I am writing a paragraph on the power of randomness, part of which I am trying to ground in theory of computation (I am no expert/researcher in this field).

First off, I am aware that for traditional complexity classes such as ZPP and BPP, it is open question whether they equal P. In context of this question, I am interested in a particular subset of ZPP.

Let ZPP be the set of decision problems for which there exists a Probabilistic Turing Machine (PTM) which solves it in a time that is polynomial in expectation.

Note that this definition allows indefinite computation (albeit with an infinitesimal likelihood). In fact, most membership proofs by example (I am aware of) use PTMs which exploit this fact.

Let bounded-ZPP (my own term) be the subclass of ZPP which (in addition) requires a PTM to have a bounded execution, i.e. it to halt after a finite (possibly super-polynomial) # steps.

I was wondering about the following:

  1. Is there a more conventional name for bounded-ZPP?

  2. Is bounded-ZPP = ZPP?

  3. Is P = bounded-ZPP?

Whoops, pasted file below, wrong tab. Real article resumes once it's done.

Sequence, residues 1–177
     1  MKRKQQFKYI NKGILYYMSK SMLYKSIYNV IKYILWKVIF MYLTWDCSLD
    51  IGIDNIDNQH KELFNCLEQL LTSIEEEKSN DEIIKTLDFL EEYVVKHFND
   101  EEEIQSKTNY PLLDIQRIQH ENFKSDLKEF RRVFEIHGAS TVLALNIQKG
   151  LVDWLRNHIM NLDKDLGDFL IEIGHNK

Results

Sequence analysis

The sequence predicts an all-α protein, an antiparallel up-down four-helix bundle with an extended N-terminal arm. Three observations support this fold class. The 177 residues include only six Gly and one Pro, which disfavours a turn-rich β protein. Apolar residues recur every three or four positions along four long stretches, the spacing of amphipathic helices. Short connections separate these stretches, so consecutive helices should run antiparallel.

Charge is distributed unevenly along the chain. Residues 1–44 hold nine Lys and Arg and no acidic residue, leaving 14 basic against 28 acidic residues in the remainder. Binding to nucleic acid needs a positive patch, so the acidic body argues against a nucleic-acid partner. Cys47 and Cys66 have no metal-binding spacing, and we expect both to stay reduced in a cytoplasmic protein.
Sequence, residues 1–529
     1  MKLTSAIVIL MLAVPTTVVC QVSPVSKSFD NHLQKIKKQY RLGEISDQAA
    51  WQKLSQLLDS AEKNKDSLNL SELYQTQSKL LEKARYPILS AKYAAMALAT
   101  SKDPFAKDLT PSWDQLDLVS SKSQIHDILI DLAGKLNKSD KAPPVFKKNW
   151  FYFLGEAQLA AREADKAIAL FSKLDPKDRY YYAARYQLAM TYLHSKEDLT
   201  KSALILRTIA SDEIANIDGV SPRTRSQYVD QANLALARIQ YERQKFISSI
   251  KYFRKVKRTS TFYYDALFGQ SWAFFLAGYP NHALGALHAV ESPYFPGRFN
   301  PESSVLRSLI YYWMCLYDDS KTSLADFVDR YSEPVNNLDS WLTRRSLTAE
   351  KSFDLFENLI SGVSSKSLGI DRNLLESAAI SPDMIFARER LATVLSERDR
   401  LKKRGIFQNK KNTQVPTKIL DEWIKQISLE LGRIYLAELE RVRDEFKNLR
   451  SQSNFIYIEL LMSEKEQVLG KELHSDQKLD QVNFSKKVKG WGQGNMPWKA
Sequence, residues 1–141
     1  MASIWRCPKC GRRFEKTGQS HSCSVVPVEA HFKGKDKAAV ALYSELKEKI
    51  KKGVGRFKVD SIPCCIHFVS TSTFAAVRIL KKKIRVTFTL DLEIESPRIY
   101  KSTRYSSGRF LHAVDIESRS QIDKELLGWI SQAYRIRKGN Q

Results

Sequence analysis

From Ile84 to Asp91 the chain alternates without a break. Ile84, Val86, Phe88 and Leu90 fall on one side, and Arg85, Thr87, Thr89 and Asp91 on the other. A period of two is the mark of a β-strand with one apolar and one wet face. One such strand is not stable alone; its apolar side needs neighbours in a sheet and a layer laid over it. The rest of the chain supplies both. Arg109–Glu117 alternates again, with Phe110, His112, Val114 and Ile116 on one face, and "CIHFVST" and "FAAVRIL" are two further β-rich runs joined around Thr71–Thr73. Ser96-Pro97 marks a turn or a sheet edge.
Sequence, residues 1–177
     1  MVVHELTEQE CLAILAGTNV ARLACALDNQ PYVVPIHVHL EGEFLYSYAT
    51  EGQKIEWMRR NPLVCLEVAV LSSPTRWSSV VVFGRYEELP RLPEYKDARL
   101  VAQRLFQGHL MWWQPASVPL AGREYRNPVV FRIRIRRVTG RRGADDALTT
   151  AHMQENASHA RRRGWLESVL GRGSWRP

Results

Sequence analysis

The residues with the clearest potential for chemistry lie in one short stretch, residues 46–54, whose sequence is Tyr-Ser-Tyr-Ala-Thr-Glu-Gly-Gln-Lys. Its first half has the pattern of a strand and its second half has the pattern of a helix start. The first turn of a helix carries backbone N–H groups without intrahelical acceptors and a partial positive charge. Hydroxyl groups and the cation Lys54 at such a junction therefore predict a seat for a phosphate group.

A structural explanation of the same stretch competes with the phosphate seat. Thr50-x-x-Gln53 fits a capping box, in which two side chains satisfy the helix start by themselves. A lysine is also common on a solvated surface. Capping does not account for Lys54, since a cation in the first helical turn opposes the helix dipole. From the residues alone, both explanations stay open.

4. If (3) holds, wouldn't this suggest that a hypothetical P $\subset$ ZPP, would be more correctly attributed to allowing indefinite execution in ZPP, rather than the "power of random choice"?


1 Answer 1


Any problem in ZPP is computable (in fact, it is in the intersection of NP and coNP). Given any ZPP machine, run it in parallel with a deterministic machine that solves the same problem. This affects the running time by at most a polynomial factor (the exact factor depending on the model of computation), and so the new machine is also in ZPP. The new machine is also guaranteed to always halt. So bounded-ZPP is the same class as ZPP.

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    $\begingroup$ Thank you. What if one would further restrict ZPP, requiring the PTM to halt in polynomial time? (Does it equal ZPP or P? Or is it a complexity class in its own right?) $\endgroup$
    – John Smith
    Commented Sep 1, 2017 at 16:13
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    $\begingroup$ Then you'll just get P. $\endgroup$ Commented Sep 1, 2017 at 19:16
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    $\begingroup$ @JohnSmith If the machine has to halt in polynomial time, and cannot make an error, it is effectively a deterministic polynomial-time machine. Thus, your class equals P. $\endgroup$ Commented Sep 1, 2017 at 19:17

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